History Of The Printed Circuit BoardPosted on March 1, 2016
A printed circuit board (PCB) is a plastic board made for connecting electronic components together. These are used in almost all computers and electronics today. The “card” is made of a material that does not conduct electricity, like fiberglass or plastic.
Usually copper is etched (set in thin lines) inside the board between the layers of plastic, or on the surface of the board. This makes the electricity go only where it is wanted.
Electronic components are then attached to this board using a metal to conduct electricity. The metal etched into the board allows electricity to travel from one component to another in electrical circuits.
Boards can have many different parts which are connected and work together. The most common circuit boards are made in large numbers for a specific job, for example to run a computer, a mobile phone or a television. Some circuit boards are made plain so a person can build their own for a new electrical task. Most things that use electricity have at least one circuit board inside of them that makes them run.
Flexible circuit boards are those that are made thin enough and of the right material to flex (bend).
Printed circuit boards came from electrical connection systems that were used in the 1850s. Originally metal strips or rods were used to connect large electric components mounted on wooden bases. Later, the metal strips were replaced by wires connected to screw terminals, and wooden bases were replaced by metal frames. This let things be smaller, which was needed as circuits became more complex with more parts.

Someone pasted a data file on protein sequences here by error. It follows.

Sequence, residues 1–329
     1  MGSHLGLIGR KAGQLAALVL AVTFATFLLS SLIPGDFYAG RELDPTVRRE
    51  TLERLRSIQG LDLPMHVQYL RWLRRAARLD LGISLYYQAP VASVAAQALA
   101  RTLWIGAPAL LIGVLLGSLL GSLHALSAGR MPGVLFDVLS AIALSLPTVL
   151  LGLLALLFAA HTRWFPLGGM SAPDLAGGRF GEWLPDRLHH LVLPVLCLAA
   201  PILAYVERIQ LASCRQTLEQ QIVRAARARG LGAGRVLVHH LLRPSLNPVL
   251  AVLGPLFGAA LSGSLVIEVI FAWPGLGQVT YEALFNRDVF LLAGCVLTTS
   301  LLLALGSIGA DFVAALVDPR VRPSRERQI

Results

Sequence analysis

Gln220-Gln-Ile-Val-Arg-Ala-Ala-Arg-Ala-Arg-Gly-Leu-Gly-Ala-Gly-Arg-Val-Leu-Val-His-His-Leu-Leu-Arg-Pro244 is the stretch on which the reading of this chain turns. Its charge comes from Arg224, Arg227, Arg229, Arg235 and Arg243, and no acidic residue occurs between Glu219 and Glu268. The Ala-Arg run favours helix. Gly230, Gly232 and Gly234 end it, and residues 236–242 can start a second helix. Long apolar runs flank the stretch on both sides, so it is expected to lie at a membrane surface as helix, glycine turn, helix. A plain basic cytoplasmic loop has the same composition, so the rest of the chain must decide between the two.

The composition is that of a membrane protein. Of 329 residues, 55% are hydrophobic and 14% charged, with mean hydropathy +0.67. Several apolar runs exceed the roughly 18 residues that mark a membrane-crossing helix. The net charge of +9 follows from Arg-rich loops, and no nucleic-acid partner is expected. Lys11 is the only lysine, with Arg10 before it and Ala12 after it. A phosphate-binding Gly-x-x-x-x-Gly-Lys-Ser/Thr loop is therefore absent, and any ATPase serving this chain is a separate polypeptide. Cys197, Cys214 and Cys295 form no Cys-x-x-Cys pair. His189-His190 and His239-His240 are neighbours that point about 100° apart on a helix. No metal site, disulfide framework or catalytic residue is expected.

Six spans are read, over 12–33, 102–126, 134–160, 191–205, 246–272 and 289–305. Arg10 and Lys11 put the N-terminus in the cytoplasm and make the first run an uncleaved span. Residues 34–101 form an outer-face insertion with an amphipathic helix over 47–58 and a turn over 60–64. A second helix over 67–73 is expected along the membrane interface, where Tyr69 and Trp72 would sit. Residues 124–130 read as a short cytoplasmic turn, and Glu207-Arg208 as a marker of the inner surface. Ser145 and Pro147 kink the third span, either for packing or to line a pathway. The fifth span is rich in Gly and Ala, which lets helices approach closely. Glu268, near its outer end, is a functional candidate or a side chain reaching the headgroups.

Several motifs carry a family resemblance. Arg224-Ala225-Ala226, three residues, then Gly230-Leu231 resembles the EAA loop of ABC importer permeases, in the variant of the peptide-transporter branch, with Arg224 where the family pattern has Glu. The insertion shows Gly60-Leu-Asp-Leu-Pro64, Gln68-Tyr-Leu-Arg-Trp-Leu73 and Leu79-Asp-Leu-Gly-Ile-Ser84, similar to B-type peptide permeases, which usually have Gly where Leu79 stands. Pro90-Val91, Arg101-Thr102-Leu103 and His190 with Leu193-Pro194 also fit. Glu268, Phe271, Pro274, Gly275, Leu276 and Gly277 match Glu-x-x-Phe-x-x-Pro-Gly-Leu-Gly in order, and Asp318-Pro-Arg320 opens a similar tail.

- Thomas Edison tested methods of using metals on linen paper.
- Arthur Berry in 1913 patented a print-and-etch method in Britain.
- In 1925, Charles Ducas of the USA developed a method using electroplating. He created an electrical path directly on an insulated surface by printing through a stencil (a shape cut into a board or paper) with special ink that could conduct electricity, just like wires could. This method was called “printed wiring” or “printed circuit.”
- In 1943, Paul Eisler (Austrian), working in the United Kingdom, patented a method of etching the conductive pattern, or circuits, on a layer of copper foil attached to a hard base that did not conduct electricity. Eisler’s technique was noticed by the US military and they started to use it in new weapons including proximity fuses in World War II. His idea really became useful in the 1950s when the transistor was introduced. Up to that point, vacuum tubes and other components were so large that the traditional mounting and wiring methods were all that was needed. With the introduction of transistors, however, the components became very small, and manufacturers needed to use printed circuit boards so the connections could also be small.
- Plated through-hole technology and its use in multi-layer PCBs were patented by the U.S. firm Hazeltine in 1961. This allowed much more complex boards, with components placed closely together.
- Integrated circuit chips were introduced in the 1970s, and these components were quickly incorporated into printed circuit board design and manufacturing techniques. Today the Printed Circuit Board can have up to 50 layers in some applications.
- Surface-Mount Technology was developed in the 1960s and became widely used in the late 1980s.